Every fiber of my being includes my soul, that inner, spiritual part of who I am. To sing well means to reflect on what we are singing, and how the music accentuates phrases and moods. To sing well is not just to be technically proficient, but to incarnate the music–to sing out of oneself and what that music has come to mean to us. If I am paying attention, music often speaks of realities beyond the rehearsal, beyond the concert, to the deepest thoughts about meaning, and love, and the transcendent.

Making music is handling particular pieces of music, noting with pencil particular directions for singing it, holding it in folders, doing all this next to others, some who sing your part, some who sing others. It is trying, and failing, and learning, particularly when we first read through new music. It is holding music at a certain level, high enough that you can glance over it to follow the leading of your director, who is trying to keep 80 plus people singing four to eight parts singing together. It is real, it is physical. It is active. There is nothing passive or virtual about it.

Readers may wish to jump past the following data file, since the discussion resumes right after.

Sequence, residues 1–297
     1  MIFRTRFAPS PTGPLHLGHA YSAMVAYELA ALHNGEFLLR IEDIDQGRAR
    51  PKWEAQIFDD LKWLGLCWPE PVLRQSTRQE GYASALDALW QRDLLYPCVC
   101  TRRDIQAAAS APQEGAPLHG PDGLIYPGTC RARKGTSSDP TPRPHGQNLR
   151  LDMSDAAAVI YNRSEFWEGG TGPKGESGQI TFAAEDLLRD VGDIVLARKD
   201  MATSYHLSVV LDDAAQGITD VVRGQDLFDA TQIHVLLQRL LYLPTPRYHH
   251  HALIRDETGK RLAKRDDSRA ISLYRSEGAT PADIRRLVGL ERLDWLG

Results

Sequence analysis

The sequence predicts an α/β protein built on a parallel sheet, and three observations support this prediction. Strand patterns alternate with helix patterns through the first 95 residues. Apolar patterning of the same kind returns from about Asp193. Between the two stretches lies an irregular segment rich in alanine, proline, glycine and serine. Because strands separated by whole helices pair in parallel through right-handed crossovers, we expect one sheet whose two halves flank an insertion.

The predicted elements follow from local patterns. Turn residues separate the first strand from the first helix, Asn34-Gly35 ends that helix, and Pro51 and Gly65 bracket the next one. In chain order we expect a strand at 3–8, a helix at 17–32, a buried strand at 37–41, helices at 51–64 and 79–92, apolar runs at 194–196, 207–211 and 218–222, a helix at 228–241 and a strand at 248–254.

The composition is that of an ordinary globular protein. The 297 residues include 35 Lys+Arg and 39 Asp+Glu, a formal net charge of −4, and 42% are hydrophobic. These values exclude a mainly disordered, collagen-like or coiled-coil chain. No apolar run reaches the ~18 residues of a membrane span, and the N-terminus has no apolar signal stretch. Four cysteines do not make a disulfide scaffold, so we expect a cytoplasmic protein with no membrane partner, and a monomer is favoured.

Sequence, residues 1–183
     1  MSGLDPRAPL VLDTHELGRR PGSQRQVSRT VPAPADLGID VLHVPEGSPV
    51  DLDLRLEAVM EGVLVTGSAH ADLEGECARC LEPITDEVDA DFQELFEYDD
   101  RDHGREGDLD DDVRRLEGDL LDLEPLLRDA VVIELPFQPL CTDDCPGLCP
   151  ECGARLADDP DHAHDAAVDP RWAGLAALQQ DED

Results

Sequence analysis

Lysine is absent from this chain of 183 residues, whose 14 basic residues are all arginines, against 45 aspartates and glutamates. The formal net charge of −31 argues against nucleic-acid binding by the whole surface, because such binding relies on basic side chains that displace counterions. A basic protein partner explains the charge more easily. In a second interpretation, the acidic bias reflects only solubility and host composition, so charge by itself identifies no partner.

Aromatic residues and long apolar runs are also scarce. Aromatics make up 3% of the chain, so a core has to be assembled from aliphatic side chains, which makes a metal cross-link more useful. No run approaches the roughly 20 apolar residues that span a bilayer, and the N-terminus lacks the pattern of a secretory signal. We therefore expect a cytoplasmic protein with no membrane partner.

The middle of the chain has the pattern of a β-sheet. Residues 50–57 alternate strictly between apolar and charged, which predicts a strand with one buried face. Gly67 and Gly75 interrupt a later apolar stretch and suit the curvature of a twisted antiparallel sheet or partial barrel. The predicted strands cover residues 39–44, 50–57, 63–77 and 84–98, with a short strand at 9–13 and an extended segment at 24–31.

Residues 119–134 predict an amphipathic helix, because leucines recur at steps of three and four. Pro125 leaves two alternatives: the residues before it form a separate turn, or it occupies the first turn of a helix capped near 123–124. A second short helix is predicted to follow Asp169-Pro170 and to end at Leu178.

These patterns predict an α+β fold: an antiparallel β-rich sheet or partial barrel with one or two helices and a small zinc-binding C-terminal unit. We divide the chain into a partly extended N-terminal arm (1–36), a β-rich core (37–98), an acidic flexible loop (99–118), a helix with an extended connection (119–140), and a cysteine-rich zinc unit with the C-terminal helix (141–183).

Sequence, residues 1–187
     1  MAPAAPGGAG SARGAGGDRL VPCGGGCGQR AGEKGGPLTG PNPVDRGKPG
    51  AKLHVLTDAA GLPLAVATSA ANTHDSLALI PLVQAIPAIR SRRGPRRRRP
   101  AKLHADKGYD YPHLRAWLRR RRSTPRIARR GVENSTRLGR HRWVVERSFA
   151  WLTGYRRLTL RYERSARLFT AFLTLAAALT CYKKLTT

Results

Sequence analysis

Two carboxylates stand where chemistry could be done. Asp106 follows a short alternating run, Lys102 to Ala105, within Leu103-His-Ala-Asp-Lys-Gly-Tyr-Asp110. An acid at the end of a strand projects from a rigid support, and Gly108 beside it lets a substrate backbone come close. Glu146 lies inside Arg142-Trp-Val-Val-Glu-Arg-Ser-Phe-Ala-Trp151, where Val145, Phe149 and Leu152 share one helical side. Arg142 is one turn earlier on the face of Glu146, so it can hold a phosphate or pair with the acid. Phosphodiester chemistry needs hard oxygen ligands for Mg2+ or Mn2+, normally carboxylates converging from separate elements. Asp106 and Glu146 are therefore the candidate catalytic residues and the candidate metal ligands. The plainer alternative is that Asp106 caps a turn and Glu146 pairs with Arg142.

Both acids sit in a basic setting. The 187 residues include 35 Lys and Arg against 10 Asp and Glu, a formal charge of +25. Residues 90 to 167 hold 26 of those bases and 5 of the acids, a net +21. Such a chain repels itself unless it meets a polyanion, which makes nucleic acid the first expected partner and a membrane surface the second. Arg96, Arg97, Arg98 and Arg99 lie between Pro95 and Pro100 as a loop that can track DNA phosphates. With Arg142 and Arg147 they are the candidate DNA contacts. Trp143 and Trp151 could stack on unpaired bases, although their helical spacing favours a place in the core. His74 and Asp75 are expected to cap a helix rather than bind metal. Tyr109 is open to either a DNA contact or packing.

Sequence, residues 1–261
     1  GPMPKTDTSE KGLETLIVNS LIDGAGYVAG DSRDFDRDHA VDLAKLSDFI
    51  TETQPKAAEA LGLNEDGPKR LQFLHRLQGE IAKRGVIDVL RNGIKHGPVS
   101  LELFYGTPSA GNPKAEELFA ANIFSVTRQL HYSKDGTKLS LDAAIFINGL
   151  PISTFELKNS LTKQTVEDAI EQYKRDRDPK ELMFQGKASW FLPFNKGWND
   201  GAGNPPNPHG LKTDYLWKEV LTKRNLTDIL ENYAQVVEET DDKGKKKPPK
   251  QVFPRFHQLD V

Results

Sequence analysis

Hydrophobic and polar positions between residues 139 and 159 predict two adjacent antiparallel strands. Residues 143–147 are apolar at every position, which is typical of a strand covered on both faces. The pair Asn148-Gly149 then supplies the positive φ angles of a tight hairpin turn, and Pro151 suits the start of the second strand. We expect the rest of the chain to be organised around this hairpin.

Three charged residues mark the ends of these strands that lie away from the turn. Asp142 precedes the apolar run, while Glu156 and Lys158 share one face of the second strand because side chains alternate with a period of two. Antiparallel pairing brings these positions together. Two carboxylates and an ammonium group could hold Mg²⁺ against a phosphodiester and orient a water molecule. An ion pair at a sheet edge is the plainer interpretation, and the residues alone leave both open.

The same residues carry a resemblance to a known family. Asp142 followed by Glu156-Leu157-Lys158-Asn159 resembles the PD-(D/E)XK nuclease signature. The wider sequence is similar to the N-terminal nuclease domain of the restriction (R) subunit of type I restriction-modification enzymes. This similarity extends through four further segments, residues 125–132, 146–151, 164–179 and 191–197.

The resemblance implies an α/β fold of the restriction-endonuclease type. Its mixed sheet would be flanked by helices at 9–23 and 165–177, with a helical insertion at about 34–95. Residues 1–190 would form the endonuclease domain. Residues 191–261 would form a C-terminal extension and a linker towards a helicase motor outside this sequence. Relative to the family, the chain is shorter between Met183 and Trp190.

Singing is people. One makes friends, and begins to really care not only about the rehearsal but about job losses, deaths, babies, engagements, and weddings. In a world of increasing isolation, choral groups bring people from all kinds of backgrounds into what are often called “mediating institutions.” They stand between the isolation of our individual lives and the big impersonal institutions of modern society.

Well, it is about time for me to leave. For all these reasons, this is why I sing tonight.

Review: Restoring All Things

Restoring All ThingsRestoring All ThingsWarren Cole Smith and John Stonestreet. Grand Rapids: Baker Books, 2015.

Summary: This book narrates the impact mediating institutions and efforts by Christians in bringing restoration into some of the most challenging situations faced by our society today.